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Topic: Problem with strings

  1. #1

    Problem with strings

    So far I've been been using GPO4 as a plug-in for Sibelius 6.1, but I'm beginning to think I'm going to start doing some post-Sibelius MIDI tweaking to get things to sound better. I understand there is a LOT you can do with/to solo instruments but I'm less sure about the string ensembles. How are things like velocity, duration, etc. applied to an ensemble of violins for example? If I change Portamento does it apply to the entire ensemble en masse?

    I'm having trouble with getting a legato sound out of ensemble strings. The louder, the more choppy it sounds. Putting phrase markings (i.e., slurs) in the Sibelius score actually makes it worse - creates a very unnatural sound. The slurs apparently make the notes play at 102% the default length and (for GPO) turn on the MIDI legato control. Unfortunately, the GPO doc says seems to say GPO uses "sustain" (CC#64) rather than "legato" (CC#68) to control legato. Did I read that correctly?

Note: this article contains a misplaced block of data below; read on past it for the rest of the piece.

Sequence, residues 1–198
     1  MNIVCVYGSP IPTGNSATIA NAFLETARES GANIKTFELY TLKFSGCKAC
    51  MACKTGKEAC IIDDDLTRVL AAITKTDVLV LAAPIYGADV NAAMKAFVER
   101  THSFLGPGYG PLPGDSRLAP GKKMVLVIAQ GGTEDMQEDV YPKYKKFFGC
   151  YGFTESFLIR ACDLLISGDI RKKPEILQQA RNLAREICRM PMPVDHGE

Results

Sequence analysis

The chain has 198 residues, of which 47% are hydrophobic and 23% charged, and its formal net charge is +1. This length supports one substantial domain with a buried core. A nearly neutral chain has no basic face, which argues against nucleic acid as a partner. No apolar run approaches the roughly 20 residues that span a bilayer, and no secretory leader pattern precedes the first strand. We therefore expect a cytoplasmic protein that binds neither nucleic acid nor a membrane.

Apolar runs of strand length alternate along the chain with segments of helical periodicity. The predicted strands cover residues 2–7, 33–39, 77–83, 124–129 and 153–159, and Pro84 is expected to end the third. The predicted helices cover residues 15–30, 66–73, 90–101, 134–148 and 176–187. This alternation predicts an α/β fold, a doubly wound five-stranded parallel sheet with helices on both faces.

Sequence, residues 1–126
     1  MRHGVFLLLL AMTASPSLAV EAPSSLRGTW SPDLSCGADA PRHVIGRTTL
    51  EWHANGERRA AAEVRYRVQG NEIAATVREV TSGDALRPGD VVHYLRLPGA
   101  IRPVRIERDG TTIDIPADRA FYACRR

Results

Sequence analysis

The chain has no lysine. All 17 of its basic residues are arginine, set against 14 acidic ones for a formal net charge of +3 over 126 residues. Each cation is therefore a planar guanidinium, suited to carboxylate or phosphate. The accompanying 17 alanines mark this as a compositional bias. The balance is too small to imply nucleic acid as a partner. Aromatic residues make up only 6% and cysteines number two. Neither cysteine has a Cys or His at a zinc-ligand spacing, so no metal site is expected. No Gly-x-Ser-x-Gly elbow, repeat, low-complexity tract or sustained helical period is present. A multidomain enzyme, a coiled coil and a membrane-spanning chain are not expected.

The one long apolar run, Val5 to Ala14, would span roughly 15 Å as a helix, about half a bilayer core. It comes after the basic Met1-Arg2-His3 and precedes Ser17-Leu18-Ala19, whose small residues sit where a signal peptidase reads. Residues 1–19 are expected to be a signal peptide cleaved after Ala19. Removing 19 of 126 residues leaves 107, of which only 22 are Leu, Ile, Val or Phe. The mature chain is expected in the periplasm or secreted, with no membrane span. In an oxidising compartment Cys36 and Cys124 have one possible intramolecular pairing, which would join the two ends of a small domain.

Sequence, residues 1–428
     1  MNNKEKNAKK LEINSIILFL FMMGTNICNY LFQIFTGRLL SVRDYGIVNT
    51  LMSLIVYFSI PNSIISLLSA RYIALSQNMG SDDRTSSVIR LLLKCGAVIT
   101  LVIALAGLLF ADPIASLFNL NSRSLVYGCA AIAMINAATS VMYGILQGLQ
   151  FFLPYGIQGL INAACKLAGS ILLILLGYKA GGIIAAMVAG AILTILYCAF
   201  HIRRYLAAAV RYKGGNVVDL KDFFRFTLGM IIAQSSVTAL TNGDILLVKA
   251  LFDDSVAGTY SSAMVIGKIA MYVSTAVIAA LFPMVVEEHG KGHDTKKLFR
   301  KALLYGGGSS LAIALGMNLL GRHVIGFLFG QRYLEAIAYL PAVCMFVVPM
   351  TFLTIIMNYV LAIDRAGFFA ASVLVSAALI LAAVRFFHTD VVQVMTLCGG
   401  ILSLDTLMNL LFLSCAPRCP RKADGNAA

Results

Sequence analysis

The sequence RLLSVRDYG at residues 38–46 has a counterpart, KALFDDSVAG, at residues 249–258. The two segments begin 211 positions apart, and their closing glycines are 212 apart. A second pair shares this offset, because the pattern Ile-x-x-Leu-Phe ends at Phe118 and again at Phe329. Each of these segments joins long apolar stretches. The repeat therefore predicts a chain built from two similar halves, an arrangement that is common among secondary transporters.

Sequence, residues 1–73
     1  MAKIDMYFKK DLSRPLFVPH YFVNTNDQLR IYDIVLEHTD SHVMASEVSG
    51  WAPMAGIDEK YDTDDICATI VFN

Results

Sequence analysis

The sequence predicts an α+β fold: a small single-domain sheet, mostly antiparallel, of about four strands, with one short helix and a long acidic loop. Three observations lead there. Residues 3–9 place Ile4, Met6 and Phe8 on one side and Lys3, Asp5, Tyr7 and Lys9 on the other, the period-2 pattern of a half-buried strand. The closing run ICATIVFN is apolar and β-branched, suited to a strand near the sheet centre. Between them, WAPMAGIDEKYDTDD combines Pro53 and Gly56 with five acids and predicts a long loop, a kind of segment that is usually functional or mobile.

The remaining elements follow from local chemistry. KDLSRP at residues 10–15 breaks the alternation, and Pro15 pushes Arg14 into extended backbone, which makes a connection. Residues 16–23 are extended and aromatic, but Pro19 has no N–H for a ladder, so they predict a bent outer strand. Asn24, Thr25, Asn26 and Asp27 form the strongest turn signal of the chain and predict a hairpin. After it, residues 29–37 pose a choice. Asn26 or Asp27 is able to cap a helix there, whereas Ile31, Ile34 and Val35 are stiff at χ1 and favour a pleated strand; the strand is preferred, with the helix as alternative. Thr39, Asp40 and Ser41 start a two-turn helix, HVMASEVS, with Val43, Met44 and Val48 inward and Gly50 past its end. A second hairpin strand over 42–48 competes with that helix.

I notice that the samples in the Listening Room don't seem to suffer from the problem I'm having so I'm sure there's a way of coping with it.


  2. #2

    Re: Problem with strings

    Pat, you are absolutely correct in your assumption that you will get more control over the samples in a sequencer. I've heard some amazing produced directly from Finale, but nothing compares to the tweaking you can do in a sequencer.

    As answered in your other thread, the non-notation set of samples uses CC#64 for legato (to facilitate live playing, I guess), and the notation sample set (same samples, different programming) use CC#68 for compatibility with other vst instruments.

    Many of us here on this board start in a notation program and when the writing is complete, export just the notes to a sequencer via MIDI. Then we tweak to our hearts content.

    Others write the music and then play it into the sequencer live via a keyboard or wind controller. I'm actually a hybrid of the two approaches - playing everything but the strings in live.

    Quickly, in the non-notation set, legato (sustain pedal down), cuts off the beginning of the samples (the attack portion), so they transition smoothly. (BTW, CC#64 works like a regular sustain pedal in the non-notation samples for non-sustaining instruments, like piano).

    Hope this helps, and keep asking questions!

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